Exchange theory Video1 Introduction to Social Exchange Theory 1
Exchange theory - are mistakenEcologically Unequal Exchange Author : R. The theory of ecologically unequal exchange posits that core or northern consumption and capital accumulation is based on peripheral or southern environmental degradation and extraction. In other words, structures of social and environmental inequality between the Global North and Global South are founded in the extraction of materials from, as well as displacement of waste to, the South. This volume represents a set of tightly interlinked papers with the aim to assess ecologically unequal exchange and to move it forward. Chapters are organised into three main sections: theoretical foundations and critical reflections on ecologically unequal exchange; empirical research on mining, deforestation, fisheries, and the like; and strategies for responding to the adverse consequences associated with unequal ecological exchange. exchange theory.
A gift economy or gift culture is a mode of exchange where valuables are not sold, but rather given without an explicit agreement for immediate or future rewards. The nature of gift economies is the subject of a foundational debate exchange theory anthropology. Malinowski's debate with the French anthropologist Marcel Mauss quickly established the complexity of "gift exchange" and introduced a series of technical terms such as reciprocityexchange theory possessionsand presentation to distinguish between the different forms of exchange.
According to anthropologists Maurice Bloch and Jonathan Parry, it is the unsettled relationship between market and non-market exchange that attracts the most attention. Some authors argue that gift economies build community,  while markets harm community relationships. exchange theory
Gift exchange is distinguished from other forms of exchange by a number of principles, such as the form of property rights governing the articles exchanged; whether gifting forms a distinct "sphere of exchange" that can be characterized as an "economic system"; and the character of the social relationship that continue reading gift exchange establishes. Gift ideology in highly commercialized societies differs from the "prestations" typical of non-market societies.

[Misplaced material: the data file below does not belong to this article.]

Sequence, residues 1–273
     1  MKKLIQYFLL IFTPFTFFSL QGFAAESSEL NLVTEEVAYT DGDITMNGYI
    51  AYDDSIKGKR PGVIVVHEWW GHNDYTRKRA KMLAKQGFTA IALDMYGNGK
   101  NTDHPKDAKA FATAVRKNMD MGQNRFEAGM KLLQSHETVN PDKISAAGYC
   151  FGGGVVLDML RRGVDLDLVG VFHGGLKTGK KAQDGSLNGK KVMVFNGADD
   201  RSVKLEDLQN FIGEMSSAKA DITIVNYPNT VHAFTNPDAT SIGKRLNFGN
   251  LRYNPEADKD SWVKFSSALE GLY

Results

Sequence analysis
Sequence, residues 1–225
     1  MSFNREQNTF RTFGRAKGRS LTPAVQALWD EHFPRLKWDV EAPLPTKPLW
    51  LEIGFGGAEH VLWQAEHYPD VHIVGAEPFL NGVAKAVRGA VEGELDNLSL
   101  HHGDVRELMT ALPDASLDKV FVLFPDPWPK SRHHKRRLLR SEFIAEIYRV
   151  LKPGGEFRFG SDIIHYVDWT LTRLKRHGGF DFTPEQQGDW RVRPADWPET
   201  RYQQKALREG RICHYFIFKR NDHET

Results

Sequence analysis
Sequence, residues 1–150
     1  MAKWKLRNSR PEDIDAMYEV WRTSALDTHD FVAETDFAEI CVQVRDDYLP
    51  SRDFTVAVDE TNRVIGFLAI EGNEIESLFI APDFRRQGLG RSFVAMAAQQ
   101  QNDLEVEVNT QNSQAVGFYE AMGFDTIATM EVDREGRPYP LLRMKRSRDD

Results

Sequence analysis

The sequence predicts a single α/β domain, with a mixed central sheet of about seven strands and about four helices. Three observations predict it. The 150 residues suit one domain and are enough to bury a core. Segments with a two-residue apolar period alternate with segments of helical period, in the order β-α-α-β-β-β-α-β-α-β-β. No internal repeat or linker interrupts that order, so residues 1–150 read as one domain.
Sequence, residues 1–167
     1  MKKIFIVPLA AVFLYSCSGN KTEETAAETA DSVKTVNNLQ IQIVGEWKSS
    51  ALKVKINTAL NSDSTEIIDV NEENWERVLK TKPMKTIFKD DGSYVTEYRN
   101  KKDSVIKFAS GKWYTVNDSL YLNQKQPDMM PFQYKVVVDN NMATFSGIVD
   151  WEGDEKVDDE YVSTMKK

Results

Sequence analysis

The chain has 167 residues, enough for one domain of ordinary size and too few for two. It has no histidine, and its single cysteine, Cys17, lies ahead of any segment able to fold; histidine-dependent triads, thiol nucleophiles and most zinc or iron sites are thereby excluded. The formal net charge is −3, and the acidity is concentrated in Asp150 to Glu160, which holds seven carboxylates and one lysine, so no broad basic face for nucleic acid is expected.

Gift economies also differ from related phenomena, such as common property regimes and the exchange of non-commodified labour. According exchange theory anthropologist Jonathan Parry, discussion on the nature exchange theory gifts, and of a separate sphere of gift exchange that would constitute an economic system, has been plagued by the ethnocentric use of modern, western, market society-based conception of the gift applied as if it were a cross-cultural, pan-historical universal. However, he claims that anthropologists, through analysis of a variety of cultural and historical forms of exchange, have established that no universal practice exists. Gift-giving is a form of transfer of property rights over particular objects.
The nature of those property rights varies from society to society, from culture to culture, and are not universal. The nature of gift-giving is thus altered by the type of property regime in place. Property is not a thingbut a relationship amongst people about things. Anthropologists analyze these relationships in terms of a variety of actors' individual or corporate " bundle of rights " over objects. Although the book is a commodity, bought and sold, it has not been completely "alienated" from exchange theory creator who maintains a hold over it; the owner of the book is limited exchange theory what he can do with the book by the rights of the creator. The gifts given in Kula exchange still remain, in some respects, the property of the giver.
In the example used exchange theory, "copyright" is one of those bundled rights that regulate the exchange theory and disposition of a book. When many people hold rights over the same objects gifting has very different implications than the gifting of private property; only some of the rights in that object may be transferred, leaving that object still tied to its corporate owners.
Anthropologist Annette Weiner http://rectoria.unal.edu.co/uploads/tx_felogin/benjamin-franklin-s-theory-of-life-and/dystopian-characteristics.php to these types of objects as " inalienable possessions " and to the process as "keeping while giving".
Malinowski's study of the Kula ring  became the subject of debate with the French anthropologist, Marcel Mauss, author of " The Gift " "Essai sur le don", Malinowski argued exchang reciprocity is an exchange theory part of gifting, and there is no "free gift" without expectation. In contrast, Mauss emphasized that the gifts were not between individuals, someone who is monotheistic between representatives of larger collectives. These gifts were a "total prestation", a service provided out of obligation, like "community service". Given the stakes, Mauss asked "why anyone would give them away?
Parry believes that much of the confusion and resulting debate was due to a bad translation. Mauss appeared to be arguing that a return gift is given to maintain the relationship between givers; a failure to return a gift ends the relationship and the promise of any future exchange theory.
Mauss' concept of "total prestations" was further developed thheory Annette Weiner, who revisited Malinowski's fieldsite in the Trobriand Islands. Her critique was twofold: first, Trobriand Island society is matrilineal, and women hold much economic and political power, but their exchange theory were ignored by Malinowski.
Secondly, she developed Mauss' argument about reciprocity and the "spirit of the gift" in terms of " inalienable possessions : the paradox of keeping while giving".]